Validation Training Institute

VTI Blog

Getting to Know…Validation Presenter Stacey Hand

UPDATE (Sept. 26, 2016): The ‘Worker’ course mentioned in this article has been re-scheduled from Oct. 3 to a date to be determined. Once we have determined the new date, we will update all interested parties. Thanks!

Editor’s Note: The Validation Training Institute (VTI)—in partnership with Alzheimer’s Orange County—will offer a “Validation Internet-Supported Level I ‘Worker’ Course” that starts on Oct. 3, 2016 and runs until August 2017.

In advance of the course, VTI is offering a free, 30-minute “teaser” class on Sept. 19 that will be open to 47 lucky attendees. The teaser class will be a preview of the longer course. As an added bonus, teaser class attendees will also receive a 15 percent discount coupon code that can be applied to the Oct. 3 course. For more information, on both the teaser and the Level I Worker Course, visit the course page.

In the time leading up to both the teaser and the longer course, we will be sharing “Q&As” with the certified instructors who will be presenting the curriculum. Today is the second installment of that three-part series. Today, we’ll meet Validation Presenter Stacey Hand.

VTI: Thank you for joining us today, Stacey. So, where do you live now?

SH: Shreveport, Louisiana

validation, dementia, caregiver, online class

VTI: What do you do for a living?

SH: I’m a Gerontologist at Garden Park Nursing & Rehabilitation

VTI: What do you like to do when you are not working?

SH: Cooking, visiting with friends, reading, and I am a certified feng shui practitioner! I always love a road trip.

VTI: What/who got you interested in Validation?

SH: I heard Naomi Feil speak at an all-day workshop and I was spellbound!  I was working at a CCRC at the time and could immediately think of so many residents I worked with that I could really help instead of placating. I knew using Validation could profoundly improve their (and my) quality of life.

VTI: How long have you been a teacher?

SH: I am currently certified as a Validation Presenter.  I will be assisting with the teaching of this course under the guidance and mentorship of an Experienced Teacher in order to meet the one of requirements for becoming a full-fledged teacher.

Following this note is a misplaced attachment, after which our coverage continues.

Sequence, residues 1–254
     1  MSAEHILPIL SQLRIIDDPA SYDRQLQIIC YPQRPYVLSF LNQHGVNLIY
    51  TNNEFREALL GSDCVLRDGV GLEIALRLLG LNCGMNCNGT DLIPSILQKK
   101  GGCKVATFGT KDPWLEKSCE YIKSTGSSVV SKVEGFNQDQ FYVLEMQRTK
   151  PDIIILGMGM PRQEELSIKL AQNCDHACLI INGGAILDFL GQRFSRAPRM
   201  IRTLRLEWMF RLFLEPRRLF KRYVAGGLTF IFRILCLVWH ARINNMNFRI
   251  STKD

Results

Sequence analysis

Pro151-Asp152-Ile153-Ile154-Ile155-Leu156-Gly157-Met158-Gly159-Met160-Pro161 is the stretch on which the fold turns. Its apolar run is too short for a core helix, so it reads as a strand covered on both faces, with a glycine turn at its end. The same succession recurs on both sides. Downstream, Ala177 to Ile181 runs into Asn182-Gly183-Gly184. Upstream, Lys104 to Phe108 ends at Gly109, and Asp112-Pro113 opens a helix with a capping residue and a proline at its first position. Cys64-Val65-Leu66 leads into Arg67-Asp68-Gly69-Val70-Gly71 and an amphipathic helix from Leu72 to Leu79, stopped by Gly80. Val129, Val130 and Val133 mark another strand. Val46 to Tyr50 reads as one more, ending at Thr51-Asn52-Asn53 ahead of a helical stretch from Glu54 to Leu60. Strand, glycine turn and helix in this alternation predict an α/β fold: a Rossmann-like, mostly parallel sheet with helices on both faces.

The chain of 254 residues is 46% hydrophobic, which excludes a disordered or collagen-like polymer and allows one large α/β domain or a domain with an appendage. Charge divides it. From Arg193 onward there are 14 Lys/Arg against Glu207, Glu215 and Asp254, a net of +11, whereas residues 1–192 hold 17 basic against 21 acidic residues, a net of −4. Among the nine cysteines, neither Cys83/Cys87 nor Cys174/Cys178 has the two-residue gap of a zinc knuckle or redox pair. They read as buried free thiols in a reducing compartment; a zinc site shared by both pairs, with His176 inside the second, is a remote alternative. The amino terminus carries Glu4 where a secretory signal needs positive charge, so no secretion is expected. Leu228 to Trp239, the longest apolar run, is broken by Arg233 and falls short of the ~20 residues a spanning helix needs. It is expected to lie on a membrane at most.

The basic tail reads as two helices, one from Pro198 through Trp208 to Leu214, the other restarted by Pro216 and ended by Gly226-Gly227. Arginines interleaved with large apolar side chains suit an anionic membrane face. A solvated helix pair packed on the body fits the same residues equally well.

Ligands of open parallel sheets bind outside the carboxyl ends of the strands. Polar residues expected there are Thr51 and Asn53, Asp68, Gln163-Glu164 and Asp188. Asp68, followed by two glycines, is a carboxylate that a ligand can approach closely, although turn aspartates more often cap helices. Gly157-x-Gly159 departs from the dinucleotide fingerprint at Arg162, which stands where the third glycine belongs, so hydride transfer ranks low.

VTI: Was there a specific moment when you first realized Validation worked? If so, what was that moment?

SH: I knew in my heart after just hearing about it that it must work because it made so much sense to me.  But when I began the Worker course and used the skills that I was learning, the experience was stunning.  Sometimes the difference was in my ability to respond and empathize appropriately—and how I felt about this—and sometimes the difference was in the resident’s response to my empathetic approach and use of techniques.  Almost every time I used a Validating technique, I experienced incredibly satisfying moments of real connection to the unique individual I was Validating.

VTI: What the most important thing Validation has taught you?

SH: The importance of empathy and an empathetic approach to individuals with disorientation or dementia.  And I also have to say that I especially appreciate the Validating approach to letting elders experience their “negative” feelings instead of trying to cheer them up, look on the bright side, or otherwise focus on always making them happy!

VTI: What is the most challenging part about practicing Validation?

SH: The biggest challenge is helping other staff and families engage using a more Validating approach.  They tend to want “quick fixes” and often move through their interactions too quickly to make real connections.

VTI: Why should a student invest in a class, as opposed to simply reading a book on Validation?

SH: I’ve read the book so many times the pages are falling out.  I’ve learned a lot from it and continue to do so.  However, the depth of understanding required to use the techniques effectively requires more than reading.  Watching the techniques modeled, practicing them yourself, asking questions and exploring, evaluating your own practice…the discipline and opportunity of all of these aspects of the class are what enable you to truly to become a practitioner.

VTI: Who can most benefit from this class?

SH: Anyone who has regular contact with very old or old-old persons will benefit greatly.  It might be a friend, family member, or those you care for as an occupation, but whoever it is, you will be able to offer both them and yourself a hugely improved quality of life through use of Validation, and ultimately you can play a role in helping disoriented old-old persons to die in peace.

VTI: Anything else you’d like to add?

SH: Learning Validation will change your life.  That’s a promise!